I’ve always admired the movies of prolific film-maker Brian De Palma and consider some of his output all time classics (Carrie, Scarface, The Untouchables).  He has a distinctive visual eye and can put his skills to a number of genres.  However it’s when his movies attract comparisons to the movies of Alfred Hitchcock and also Italian shock maestro Dario Argento that I become the most interested.  Body Double bares a strong resemblance to both film-maker’s works but also has a perfectly sleazy tone that references a different time and is very much a celebration of 80s excess and exploitation.  The story for what it is isn’t that well done and is fairly obvious and easy to predict especially if you’re at all familiar with any of the cast.  However what is fun is De Palma’s cinematic eye that can make even mundane sounding sequences, like a journey through a shopping mall or a beach front terrace, enthralling due to some clever camera work and genuine tension.  Craig Wasson is likeable if a rather unsympathetic character, and I’d forgotten just how much fun Melanie Griffith used to be and is adept here at delivering some great lines which are probably too explicit to repeat.  Yet the movie is on a whole, especially considering De Palma’s impressive catalogue; a bit of an oddity and takes some alarming shifts in tone and style leaving me wondering what was the grand plan here…it really does feel a little thrown together.  For a piece of 80s genre sleaze however, I’d still say give this a chance.

Body Double Blu-rayThe Blu-ray suffers from a few smudgy scenes, especially towards the end of the movie for some reason … but this 4k restoration is otherwise decent looking with strong colours and some nice detail both in close-up and in De Palma’s grand wide shots.  Dialogue is also crisp and free of lip-sync that I could see, and is delivered in the original stereo as well as a 5.1 soundtrack, which although not really making much use of surrounds is effective, especially in the lengthy ‘Relax’ sequence (spot the cameo by Holly Johnson).  This collector’s edition from Indicator boasts a 40 page booklet that has an in-depth interview taken from 1984 as well as a ‘Brian De Palma’s Guilty Pleasures’ segment exploring the director’s influences.  The Blu-ray itself comes with a series of featurettes with interviews with cast and crew, some archive, others more recent and proves invaluable for those interested in film-making and that of the movie itself and it’s legacy.  Surprisingly no commentary which would have rounded this release off superbly but as it stands this is above average treatment for probably one of De Palma’s lesser efforts that still makes for a worthy purchase.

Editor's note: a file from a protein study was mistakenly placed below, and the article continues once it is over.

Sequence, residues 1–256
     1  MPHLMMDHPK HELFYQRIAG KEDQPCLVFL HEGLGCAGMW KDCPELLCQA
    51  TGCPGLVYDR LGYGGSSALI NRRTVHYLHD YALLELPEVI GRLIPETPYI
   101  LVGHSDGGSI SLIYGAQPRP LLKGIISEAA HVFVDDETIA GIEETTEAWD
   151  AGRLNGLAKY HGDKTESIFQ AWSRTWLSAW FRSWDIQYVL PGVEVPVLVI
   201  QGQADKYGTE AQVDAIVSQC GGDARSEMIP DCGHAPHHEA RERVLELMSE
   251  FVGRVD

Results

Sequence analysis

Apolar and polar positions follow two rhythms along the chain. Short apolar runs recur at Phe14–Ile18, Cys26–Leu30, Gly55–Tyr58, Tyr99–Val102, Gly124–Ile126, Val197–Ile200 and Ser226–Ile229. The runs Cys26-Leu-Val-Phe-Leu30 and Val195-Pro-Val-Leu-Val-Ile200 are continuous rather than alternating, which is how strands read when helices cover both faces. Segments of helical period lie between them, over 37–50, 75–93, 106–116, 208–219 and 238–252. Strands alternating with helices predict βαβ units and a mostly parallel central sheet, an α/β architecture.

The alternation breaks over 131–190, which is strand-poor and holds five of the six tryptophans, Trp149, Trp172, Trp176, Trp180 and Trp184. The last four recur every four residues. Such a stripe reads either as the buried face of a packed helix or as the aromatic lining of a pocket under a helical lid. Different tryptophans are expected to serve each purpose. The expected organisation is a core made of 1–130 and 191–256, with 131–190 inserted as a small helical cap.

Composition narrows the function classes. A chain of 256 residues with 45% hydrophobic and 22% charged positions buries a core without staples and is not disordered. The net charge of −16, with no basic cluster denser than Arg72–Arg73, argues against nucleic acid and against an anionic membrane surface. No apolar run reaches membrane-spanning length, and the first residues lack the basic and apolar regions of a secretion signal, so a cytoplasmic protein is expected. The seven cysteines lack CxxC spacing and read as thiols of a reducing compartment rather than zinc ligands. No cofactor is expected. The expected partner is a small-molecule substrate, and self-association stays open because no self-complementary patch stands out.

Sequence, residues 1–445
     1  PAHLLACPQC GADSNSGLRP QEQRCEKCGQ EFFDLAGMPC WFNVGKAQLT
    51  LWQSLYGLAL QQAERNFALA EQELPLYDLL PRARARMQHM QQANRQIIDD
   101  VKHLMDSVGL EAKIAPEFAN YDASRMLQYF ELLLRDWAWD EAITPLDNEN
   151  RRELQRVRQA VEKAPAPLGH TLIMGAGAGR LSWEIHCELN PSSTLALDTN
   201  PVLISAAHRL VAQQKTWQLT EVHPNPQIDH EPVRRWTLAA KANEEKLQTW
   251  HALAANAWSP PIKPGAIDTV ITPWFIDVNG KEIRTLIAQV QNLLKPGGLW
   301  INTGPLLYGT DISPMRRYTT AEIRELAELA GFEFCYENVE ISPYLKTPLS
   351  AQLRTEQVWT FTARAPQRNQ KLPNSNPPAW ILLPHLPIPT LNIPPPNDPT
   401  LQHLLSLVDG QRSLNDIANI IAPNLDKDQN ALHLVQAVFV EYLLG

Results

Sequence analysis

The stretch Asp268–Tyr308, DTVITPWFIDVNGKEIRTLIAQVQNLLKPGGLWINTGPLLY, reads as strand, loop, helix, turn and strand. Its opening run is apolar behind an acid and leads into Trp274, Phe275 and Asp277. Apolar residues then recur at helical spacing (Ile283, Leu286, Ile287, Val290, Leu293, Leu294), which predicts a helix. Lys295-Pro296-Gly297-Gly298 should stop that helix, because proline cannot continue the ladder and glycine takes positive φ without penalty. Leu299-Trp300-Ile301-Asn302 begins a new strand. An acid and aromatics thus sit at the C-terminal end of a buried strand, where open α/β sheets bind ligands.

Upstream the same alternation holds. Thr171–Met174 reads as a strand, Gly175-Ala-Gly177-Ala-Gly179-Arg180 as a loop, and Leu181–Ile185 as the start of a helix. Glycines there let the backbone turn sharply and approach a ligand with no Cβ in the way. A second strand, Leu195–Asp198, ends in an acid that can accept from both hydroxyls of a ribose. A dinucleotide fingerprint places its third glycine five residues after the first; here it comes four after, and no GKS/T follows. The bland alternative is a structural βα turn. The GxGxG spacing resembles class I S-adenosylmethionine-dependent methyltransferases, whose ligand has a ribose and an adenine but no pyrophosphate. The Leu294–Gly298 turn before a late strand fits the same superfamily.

Verdict: